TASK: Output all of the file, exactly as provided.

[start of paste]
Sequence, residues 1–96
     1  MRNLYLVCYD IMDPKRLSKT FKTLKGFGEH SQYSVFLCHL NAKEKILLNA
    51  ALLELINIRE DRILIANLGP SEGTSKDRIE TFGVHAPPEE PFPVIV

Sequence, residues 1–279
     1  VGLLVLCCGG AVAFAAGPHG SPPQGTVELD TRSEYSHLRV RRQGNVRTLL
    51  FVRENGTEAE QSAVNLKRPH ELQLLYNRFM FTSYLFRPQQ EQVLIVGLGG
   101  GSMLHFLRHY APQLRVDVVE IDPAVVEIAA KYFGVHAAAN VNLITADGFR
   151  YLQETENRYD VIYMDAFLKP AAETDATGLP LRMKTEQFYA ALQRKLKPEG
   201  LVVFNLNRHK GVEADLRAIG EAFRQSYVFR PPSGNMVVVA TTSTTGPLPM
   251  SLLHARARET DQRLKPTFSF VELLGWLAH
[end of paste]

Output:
Sequence, residues 1–96
     1  MRNLYLVCYD IMDPKRLSKT FKTLKGFGEH SQYSVFLCHL NAKEKILLNA
    51  ALLELINIRE DRILIANLGP SEGTSKDRIE TFGVHAPPEE PFPVIV

Sequence, residues 1–279
     1  VGLLVLCCGG AVAFAAGPHG SPPQGTVELD TRSEYSHLRV RRQGNVRTLL
    51  FVRENGTEAE QSAVNLKRPH ELQLLYNRFM FTSYLFRPQQ EQVLIVGLGG
   101  GSMLHFLRHY APQLRVDVVE IDPAVVEIAA KYFGVHAAAN VNLITADGFR
   151  YLQETENRYD VIYMDAFLKP AAETDATGLP LRMKTEQFYA ALQRKLKPEG
   201  LVVFNLNRHK GVEADLRAIG EAFRQSYVFR PPSGNMVVVA TTSTTGPLPM
   251  SLLHARARET DQRLKPTFSF VELLGWLAH